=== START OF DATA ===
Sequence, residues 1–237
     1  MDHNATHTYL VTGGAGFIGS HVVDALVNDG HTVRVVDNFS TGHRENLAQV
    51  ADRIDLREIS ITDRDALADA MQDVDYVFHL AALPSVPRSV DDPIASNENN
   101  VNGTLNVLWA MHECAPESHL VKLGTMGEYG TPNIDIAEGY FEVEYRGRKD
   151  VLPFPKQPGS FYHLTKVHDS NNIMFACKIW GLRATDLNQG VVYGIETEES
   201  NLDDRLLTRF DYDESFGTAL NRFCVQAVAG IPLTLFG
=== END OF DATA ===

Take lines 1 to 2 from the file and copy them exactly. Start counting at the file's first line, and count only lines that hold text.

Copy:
Sequence, residues 1–237
     1  MDHNATHTYL VTGGAGFIGS HVVDALVNDG HTVRVVDNFS TGHRENLAQV